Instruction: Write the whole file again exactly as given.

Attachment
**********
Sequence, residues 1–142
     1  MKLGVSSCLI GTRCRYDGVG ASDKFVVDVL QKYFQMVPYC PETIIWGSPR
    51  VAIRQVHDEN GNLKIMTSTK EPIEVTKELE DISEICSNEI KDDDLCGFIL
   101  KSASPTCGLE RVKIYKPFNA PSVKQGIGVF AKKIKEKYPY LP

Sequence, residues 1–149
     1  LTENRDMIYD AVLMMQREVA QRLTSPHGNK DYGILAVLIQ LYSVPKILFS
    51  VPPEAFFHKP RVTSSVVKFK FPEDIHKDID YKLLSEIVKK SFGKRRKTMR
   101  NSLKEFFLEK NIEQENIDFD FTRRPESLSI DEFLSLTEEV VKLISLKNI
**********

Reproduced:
Sequence, residues 1–142
     1  MKLGVSSCLI GTRCRYDGVG ASDKFVVDVL QKYFQMVPYC PETIIWGSPR
    51  VAIRQVHDEN GNLKIMTSTK EPIEVTKELE DISEICSNEI KDDDLCGFIL
   101  KSASPTCGLE RVKIYKPFNA PSVKQGIGVF AKKIKEKYPY LP

Sequence, residues 1–149
     1  LTENRDMIYD AVLMMQREVA QRLTSPHGNK DYGILAVLIQ LYSVPKILFS
    51  VPPEAFFHKP RVTSSVVKFK FPEDIHKDID YKLLSEIVKK SFGKRRKTMR
   101  NSLKEFFLEK NIEQENIDFD FTRRPESLSI DEFLSLTEEV VKLISLKNI